Dr Diana Felix da Costa organises photo exhibition on Murle culture in South Sudan
British Academy Postdoctoral Fellow, Dr Diana Felix da Costa recently organised a multi-sited photo exhibition on Murle culture and heritage in South Sudan's capital Juba and in the eastern town of Pibor in the Greater Pibor Administrative Area (GPAA).
These exhibitions are part of her long-term engagement and research work in Greater Pibor. The photo series offered a visual journey of how young people across the countryside of Greater Pibor are incorporating new images of power and modernity into traditional practices of body scarification that identify them as members of age-set groups and sub-groups. By exploring the meanings behind these new symbols and images and what these represent for youth identities and sub-identities through connected quotes, the exhibition showed how young Murle men and women are explicitly telling their own individual and collective stories, and making claims on the promises of modernity through striking and powerful permanent body art.
The photo series was first displayed at the University of Juba between the 6-10 October 2022, in a larger 'Safety and Storytelling' arts and heritage exhibition co-organised alongside South Sudanese multimedia arts and education organisation Likikiri Collective and the LSE's Firoz Lalji Institute for Africa.
The photos were used as a platform to start conversations and generate knowledge of an often misunderstood practice and part of South Sudan.
On 7 October 2022 a panel discussion was held at the University of Juba to discuss Murle Heritage and share knowledge about age-sets and their material expressions to an audience of academic staff, students and aid workers. The panel, moderated by Dr. Felix da Costa, was composed by the Minister of Information for the GPAA, Joseph Lilimoy, civil society activist John Boloch, and youth leaders Peter Lebelek and Kabacha Oscar Oleyo, who collectively shared insights on why age-sets remain so important in society but have also been transforming and fragmenting and the challenges that brings.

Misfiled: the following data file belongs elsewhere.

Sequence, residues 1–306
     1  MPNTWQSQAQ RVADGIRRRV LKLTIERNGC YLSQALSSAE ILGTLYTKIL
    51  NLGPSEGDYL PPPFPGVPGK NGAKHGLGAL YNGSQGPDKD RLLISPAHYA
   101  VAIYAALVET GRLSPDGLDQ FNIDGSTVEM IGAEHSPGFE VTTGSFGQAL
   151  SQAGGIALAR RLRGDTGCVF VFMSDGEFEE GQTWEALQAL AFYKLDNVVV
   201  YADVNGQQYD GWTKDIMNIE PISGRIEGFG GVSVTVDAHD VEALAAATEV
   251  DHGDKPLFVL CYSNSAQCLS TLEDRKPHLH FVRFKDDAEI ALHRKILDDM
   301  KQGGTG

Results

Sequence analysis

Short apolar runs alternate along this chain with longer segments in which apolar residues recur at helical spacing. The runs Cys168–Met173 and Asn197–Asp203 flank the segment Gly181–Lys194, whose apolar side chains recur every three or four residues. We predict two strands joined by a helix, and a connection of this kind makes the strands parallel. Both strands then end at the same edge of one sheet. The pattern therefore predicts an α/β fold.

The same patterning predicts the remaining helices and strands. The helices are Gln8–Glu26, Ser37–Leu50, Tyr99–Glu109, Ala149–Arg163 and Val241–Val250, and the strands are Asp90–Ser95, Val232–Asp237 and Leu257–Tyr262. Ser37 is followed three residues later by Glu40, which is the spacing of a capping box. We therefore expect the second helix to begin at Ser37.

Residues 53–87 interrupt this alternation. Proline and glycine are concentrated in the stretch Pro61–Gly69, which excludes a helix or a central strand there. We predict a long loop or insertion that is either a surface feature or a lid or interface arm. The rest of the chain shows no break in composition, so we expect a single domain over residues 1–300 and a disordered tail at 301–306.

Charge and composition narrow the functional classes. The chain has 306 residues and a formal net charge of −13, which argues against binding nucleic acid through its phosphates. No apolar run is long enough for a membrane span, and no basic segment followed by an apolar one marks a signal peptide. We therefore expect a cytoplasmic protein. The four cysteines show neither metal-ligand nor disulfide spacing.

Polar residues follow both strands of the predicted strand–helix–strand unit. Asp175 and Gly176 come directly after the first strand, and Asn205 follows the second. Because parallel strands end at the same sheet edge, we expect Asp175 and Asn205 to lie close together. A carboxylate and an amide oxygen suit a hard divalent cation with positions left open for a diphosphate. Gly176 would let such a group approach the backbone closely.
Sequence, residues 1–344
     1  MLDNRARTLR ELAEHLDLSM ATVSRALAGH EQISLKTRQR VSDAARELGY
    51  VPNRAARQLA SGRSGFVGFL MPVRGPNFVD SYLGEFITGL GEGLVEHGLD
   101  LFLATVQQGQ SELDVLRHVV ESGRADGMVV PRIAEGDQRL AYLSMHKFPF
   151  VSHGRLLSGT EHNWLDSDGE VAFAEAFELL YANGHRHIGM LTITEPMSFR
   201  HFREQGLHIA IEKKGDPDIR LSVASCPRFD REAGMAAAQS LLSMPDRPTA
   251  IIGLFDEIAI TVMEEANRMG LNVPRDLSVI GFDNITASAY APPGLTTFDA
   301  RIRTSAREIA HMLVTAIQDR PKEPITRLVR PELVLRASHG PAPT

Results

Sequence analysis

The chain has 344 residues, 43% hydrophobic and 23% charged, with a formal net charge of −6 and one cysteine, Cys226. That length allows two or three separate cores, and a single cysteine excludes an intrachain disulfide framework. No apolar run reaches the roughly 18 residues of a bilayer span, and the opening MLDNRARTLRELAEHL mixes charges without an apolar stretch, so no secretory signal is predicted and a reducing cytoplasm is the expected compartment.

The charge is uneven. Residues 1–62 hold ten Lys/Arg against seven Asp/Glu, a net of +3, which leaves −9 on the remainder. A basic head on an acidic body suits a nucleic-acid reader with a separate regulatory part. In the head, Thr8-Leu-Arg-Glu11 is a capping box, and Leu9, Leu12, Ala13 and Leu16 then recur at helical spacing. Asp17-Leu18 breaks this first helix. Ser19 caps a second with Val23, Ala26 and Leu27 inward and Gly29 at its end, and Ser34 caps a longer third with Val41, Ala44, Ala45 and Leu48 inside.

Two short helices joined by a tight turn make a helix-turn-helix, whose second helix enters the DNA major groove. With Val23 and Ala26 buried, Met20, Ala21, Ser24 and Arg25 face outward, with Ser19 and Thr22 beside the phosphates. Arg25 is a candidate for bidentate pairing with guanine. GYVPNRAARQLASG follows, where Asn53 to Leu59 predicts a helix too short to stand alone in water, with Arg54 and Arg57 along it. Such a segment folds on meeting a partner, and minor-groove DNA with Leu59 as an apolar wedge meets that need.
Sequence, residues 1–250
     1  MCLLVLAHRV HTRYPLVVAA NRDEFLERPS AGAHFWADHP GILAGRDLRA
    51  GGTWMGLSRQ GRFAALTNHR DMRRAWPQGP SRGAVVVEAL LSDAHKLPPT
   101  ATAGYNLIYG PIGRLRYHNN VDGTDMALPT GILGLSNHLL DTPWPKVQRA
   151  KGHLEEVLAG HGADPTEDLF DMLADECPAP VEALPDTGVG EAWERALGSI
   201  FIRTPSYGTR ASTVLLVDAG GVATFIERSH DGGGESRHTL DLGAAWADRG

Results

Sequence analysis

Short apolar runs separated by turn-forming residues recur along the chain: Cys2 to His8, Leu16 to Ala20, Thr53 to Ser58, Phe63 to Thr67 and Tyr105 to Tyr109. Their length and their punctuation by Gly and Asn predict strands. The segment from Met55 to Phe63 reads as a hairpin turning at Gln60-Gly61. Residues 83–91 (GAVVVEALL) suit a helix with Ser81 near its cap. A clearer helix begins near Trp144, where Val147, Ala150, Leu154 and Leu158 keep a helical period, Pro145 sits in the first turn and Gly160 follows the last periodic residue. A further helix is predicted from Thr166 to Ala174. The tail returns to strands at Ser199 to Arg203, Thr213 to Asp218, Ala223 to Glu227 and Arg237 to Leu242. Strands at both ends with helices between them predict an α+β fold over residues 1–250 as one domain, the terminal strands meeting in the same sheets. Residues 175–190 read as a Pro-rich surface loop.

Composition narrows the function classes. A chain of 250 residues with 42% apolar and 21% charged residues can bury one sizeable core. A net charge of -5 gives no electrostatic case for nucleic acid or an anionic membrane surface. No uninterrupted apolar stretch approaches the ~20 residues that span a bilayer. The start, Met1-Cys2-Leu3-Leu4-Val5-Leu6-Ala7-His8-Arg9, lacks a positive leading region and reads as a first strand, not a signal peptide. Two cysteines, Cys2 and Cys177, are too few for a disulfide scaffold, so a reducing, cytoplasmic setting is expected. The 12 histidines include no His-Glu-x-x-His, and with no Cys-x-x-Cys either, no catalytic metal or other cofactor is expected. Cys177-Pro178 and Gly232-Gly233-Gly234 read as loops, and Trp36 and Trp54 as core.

The photo series in Juba also served to formally launch the website on Murle heritage, a multimedia digital archive of Murle tangible and intangible heritage. The panel discussion was followed by a photo studio set up temporarily next to the photo series where exhibit visitors could take their portrait.
Following this, Dr Felix da Costa then took the photo series to Pibor town. The photos were left permanently in the Kabarze Centre, a women's centre often used as a multi-purpose hall. There, the photos were received as a celebration of culture and a reminder of how the latter is fluid and flowing.
Alongside co-researcher Peter Dacky, Dr Felix da Costa hosted a research consultation and validation exercise with over 150 people from the rural areas surrounding Pibor town, including chiefs, local level government officials, youth representatives and women from the kabarze.
The photos offered the chance to discuss concretely and openly the ongoing research and its objectives, expectations and outputs, as well as validate the lens of analysis and arguments that Dr Felix da Costa is taking in her research and ongoing book project; many long-term research informants were there, as well as many of those in the portraits too.
This multi-sited photo exhibition was made possible with the support of the SOAS Impact and Knowledge Exchange Fund.